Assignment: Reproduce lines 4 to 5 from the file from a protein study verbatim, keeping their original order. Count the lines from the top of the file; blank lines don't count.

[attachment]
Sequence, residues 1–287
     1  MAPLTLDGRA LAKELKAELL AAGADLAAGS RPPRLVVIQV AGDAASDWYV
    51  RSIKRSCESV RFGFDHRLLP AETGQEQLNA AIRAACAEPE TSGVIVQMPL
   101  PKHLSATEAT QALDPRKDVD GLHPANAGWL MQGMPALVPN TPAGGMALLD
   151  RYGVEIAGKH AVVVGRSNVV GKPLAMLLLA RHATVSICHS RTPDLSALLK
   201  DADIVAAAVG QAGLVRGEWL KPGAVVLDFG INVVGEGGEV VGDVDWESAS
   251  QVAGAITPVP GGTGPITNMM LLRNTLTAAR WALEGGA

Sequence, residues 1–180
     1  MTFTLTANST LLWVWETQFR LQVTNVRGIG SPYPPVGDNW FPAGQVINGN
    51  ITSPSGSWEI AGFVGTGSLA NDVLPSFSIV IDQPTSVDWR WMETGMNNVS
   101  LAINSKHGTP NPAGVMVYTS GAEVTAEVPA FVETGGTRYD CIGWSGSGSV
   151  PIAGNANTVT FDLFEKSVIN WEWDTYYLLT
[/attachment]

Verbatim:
   101  PKHLSATEAT QALDPRKDVD GLHPANAGWL MQGMPALVPN TPAGGMALLD
   151  RYGVEIAGKH AVVVGRSNVV GKPLAMLLLA RHATVSICHS RTPDLSALLK